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#RumiWasntWhite - Hollywood Continues to Whitewash Films

posted on: Jun 13, 2016

#RumiWasntWhite-Hollywood Continues to Whitewash Arabs and Persians out of Films

BY: Clara Ana Ruplinger/Contributing Writer

Recent news sources say that the writer of the box office hit film, The Gladiator, David Franzoni, wants to cast Leonardo DiCaprio as poet Jalaluddin al-Rumi, and Robert Downey Jr. as Shams of Tabriz, Rumi’s mentor. This line up of actors were selected for an upcoming film about the Iranian poet’s life. This has sparked nation-wide conversations about “whitewashing” in the film industry.

Jalaluddin al-Rumi was a Sufi Mystic poet of the Thirteenth century. He was a Persian (or modern day Iranian), and a Muslim, as was Shams of Tabriz. People went to social media to criticize the filmmaker and his desire to cast two white actors to play the role of Iranians, despite the fact that there are many capable Iranian actors in both Hollywood and Iran.

Whitewashing is not a new issue, especially for Arab Americans. The number of prominent Arab figures that have been whitewashed in the media is appalling, particularly when it comes to biblical stories and stories about ancient Egypt.

In Gods of Egypt, director Chadwick Boseman chose Nikolaj Coster-Waldau (Danish), Gerard Butler (Scottish), and Breton Thwaites (Australian) to portray the three main characters in this movie about Egyptians. Although the film was based in Egypt, none of the leading actors were of Arab or African descent. Boseman himself agreed with this critique, but said “people don’t make $140 million movies starring black and brown people,” which is indicative of the systemic racism still present in mainstream America.

In Son of God, the role of Jesus Christ was portrayed by Diogo Morgado, a Portuguese actor, despite the fact that the historical Jesus was born in Bethlehem (or modern day Palestine). Thus, the biblical figure was likely to be of Arab descent.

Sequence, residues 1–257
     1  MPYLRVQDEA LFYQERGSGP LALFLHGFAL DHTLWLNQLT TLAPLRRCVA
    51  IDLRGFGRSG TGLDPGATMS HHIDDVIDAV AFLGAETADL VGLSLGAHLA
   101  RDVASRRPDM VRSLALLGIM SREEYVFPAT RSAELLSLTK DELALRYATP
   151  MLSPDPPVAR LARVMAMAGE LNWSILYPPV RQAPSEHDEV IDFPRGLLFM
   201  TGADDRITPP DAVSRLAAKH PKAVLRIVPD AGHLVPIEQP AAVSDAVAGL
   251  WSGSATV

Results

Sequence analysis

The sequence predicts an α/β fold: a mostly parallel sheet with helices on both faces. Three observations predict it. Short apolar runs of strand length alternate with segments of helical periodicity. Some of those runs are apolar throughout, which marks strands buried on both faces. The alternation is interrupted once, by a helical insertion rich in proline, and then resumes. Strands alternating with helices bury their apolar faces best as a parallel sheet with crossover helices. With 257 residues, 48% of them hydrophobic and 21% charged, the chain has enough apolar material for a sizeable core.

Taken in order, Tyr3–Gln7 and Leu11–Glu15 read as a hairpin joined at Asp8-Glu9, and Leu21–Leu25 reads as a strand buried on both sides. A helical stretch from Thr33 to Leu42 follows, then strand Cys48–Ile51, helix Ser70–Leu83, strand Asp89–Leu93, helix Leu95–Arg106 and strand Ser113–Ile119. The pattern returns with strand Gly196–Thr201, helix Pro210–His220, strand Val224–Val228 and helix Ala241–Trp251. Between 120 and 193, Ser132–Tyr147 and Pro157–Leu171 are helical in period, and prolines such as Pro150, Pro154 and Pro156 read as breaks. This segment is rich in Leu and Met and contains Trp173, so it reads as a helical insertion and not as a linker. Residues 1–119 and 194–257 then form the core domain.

The same criticism came with the movie Exodus: Gods and Kings, where Moses (Christian Bale), Joshua (Aaron Paul), and Rhamses (Joel Edgerton) were also played by white actors, despite the fact that the plot was based in Egypt. Director Ridley Scott’s response to why he chose white actors instead of Arab ones was very similar to that of Coster-Waldau.

Frankly, he said that he didn’t even consider casting non-white actors for the film because he can’t “mount a film of this budget, where I have to rely on tax rebates in Spain, and say that my lead actor is Mohammad so-and-so from such-and-such. I’m just not going to get it financed. So the question doesn’t even exist.”

While budgetary issues are often cited as a reason not to cast actors who are racial or ethnic minorities in the U.S., these responses show deeper issues within Hollywood culture, and the role race plays in the lives of Hollywood directors.

This phenomenon is in stark contrast to the number of Arabs playing terrorists or villains in Hollywood production.

In Iron Man, Arab American actor Sayed Badreya played an Arab arms dealer who kidnaps the hero, played by Robert Downey Jr. Sayed Badreya has been acting in prominent films for nearly 20 years, but almost always as a villain or a terrorist. Robert Downey Jr. has had a far more diverse spectrum of roles.

Homeland, American Sniper, 24 and many more American television shows and movies where Arabs are solely depicted as terrorists, greatly contributes to stereotypes surrounding Arabs in U.S. society. These stereotypes have real consequences for Arab Americans, as they incite hate crimes, harassment, and other vicious treatment.

If you would like to help protest this new attempt by Hollywood to whitewash Rumi, click here to sign a petition and make your voice heard on this issue. Taking the time to sign it will send a strong message to Hollywood that we won’t stand for white washing anymore.